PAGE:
In ancient Greek mythology, Odysseus was the king of Ithaca, and the Sirens were alluring creatures that drew in unknowing sailors with their inviting music, which caused them to crash on the rocky shores of their island.
One fateful night Odysseus’s ship was sailing passed the island where the Sirens lived. He ordered his men to plug their ears with beeswax and tie him to the mast of the ship so he could hear the Sirens’ song but not be able to act on the temptation.
How is Odysseus relevant in real estate?
At one point in time, all real estate agents were new to the business and trying to figure out the best place to hang their license. Unfortunately for some of us, we did not have a crew of people able to tie us to the mast, so we could listen to the large franchise’s promises of large splits and endless leads but not act on the temptation.
We inevitably crashed upon the rocky shores of their company and sank to the bottom of a never-ending sea of agents.
When I started out in the real estate industry, I interviewed with three brokerages; two of them were national franchises, and one was a regional franchise.
The interviews with the two national brokerages went a little something like this: “This is how much business we do. (Every time you use the printer we bill you for it.) This is how much our top producers make (oh, by the way, you need to pay to use your desk each month). Look at the size of your split (ignore the franchise fee).”
Never once did they ask about me, aside from my name.
Now, maybe my standards had been lowered by my first two interviews. But when I made it to the regional company, and they asked me about myself, told me I would have a pretty nice-sized split with a free desk and free printing, and I would only need to compete with hundreds of agents opposed to thousands, I decided to sign on.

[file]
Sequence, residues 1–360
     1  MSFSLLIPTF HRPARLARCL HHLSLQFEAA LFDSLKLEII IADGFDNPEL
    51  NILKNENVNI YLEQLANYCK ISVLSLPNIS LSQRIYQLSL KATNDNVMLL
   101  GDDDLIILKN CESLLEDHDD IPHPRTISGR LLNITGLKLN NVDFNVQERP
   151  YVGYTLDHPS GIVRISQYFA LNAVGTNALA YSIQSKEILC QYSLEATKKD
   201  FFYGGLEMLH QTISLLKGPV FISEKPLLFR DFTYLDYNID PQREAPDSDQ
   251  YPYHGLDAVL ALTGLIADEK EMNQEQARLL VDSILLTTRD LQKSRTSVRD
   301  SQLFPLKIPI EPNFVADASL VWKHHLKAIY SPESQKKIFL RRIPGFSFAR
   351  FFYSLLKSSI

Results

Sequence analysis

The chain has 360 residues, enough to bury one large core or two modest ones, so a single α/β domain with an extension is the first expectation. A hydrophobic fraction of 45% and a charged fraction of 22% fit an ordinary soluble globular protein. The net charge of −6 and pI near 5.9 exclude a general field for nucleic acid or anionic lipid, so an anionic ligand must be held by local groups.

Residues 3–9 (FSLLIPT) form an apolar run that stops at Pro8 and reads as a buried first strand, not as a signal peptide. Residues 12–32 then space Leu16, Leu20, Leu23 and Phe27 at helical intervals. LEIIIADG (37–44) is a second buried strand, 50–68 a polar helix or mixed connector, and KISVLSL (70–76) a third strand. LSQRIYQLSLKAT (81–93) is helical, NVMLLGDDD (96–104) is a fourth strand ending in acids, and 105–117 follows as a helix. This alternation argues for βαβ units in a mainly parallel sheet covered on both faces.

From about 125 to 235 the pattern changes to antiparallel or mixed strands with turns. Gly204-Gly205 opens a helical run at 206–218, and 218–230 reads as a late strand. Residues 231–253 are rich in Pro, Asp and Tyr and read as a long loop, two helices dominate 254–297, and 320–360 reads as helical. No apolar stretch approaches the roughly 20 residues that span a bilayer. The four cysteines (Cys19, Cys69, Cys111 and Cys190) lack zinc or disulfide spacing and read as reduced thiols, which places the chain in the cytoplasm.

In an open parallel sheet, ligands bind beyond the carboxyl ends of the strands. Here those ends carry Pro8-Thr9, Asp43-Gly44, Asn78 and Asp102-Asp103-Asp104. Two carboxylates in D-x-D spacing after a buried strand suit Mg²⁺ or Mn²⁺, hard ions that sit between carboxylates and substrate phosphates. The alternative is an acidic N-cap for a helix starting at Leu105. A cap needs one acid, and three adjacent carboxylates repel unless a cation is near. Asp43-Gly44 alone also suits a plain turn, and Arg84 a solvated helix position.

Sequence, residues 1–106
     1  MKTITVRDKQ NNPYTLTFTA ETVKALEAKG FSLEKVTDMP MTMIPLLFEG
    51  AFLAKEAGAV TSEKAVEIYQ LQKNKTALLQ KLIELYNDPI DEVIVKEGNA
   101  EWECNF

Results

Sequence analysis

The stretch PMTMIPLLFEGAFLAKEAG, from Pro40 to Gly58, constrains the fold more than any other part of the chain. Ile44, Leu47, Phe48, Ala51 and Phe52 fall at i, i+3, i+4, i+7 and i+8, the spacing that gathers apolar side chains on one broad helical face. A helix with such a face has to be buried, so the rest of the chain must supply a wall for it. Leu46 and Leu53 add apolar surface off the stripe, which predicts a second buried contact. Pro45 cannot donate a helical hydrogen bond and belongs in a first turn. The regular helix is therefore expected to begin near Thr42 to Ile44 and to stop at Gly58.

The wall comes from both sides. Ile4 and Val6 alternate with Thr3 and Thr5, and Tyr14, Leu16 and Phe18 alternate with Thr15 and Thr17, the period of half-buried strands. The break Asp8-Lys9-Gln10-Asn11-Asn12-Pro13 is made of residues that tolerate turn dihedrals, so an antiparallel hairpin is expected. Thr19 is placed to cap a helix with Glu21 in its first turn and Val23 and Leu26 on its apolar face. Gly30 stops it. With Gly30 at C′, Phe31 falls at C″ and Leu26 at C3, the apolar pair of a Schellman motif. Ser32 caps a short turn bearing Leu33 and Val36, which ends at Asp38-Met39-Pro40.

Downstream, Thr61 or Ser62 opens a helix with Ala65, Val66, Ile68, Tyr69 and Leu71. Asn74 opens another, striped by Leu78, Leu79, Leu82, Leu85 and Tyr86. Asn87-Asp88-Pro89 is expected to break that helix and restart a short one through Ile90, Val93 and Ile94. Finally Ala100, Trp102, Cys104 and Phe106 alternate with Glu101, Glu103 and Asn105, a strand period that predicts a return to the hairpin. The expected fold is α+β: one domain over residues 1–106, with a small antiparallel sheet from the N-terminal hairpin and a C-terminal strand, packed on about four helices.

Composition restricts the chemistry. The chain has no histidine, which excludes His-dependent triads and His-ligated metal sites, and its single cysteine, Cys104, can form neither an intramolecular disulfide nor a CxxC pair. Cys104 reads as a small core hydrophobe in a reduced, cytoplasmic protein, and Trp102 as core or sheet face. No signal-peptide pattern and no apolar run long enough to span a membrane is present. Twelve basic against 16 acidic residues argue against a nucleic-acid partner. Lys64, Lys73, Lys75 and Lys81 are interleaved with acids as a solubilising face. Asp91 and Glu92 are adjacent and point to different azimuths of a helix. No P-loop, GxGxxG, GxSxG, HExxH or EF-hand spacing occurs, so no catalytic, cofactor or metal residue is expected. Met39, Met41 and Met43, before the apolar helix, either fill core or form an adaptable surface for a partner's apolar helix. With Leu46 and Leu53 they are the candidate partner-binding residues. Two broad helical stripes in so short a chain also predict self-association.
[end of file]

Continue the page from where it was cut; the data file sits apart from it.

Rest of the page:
Focusing on the wrong things
My thought process at the time was mainly brand recognition. When I thought of real estate, these were the companies that came to mind, so obviously, they were the best opportunities for me to make the most money, right?
I heard the Sirens’ call and crashed into the rocks, descending into a very choppy beginning of my real estate career. I did not understand at the time that even though my brokerage’s per year sales were high, the money they were making per agent was staggeringly low.
I also didn’t understand that because there were so many agents working for the same company, I would be very far down on the company’s priority list.
Time for a change
Alas, time went by, and my career remained stuck. I watched my office lose and hire agents, administrators and even managers like a revolving door.
I finally decided it was time to make a change, but I decided that if I was going to continue in this industry, I was going to try a different approach than when I started.
I decided to interview with a small brokerage of only about 20 agents and immediately felt comfortable talking with them. They right away laid out a training program and set a goal for a certain number of sales within the first three months of being with the agency. My split was higher than my previous brokerage and did not contain a franchise fee.
What I learned by switching
Why had I not thought of talking with a small brokerage before? It couldn’t be doing well because it was not a huge brand name, right?
And then I learned that I would much rather be among 20 quality agents doing $50 million in sales a year than 2,000 agents doing $1 billion in sales a year.
So my fellow Odysseuses (Odyssei?), do yourselves a favor, and listen to the Sirens’ call, but tie yourself to the mast and interview with smaller brokerages as well. Then you will be able to make a better decision about how your kingdom will be built.
Mike Biundo Jr. is a New Hampshire Realtor, who works for Innovative Realty, Innovativerealtyteam.com. You can follow him on Facebook.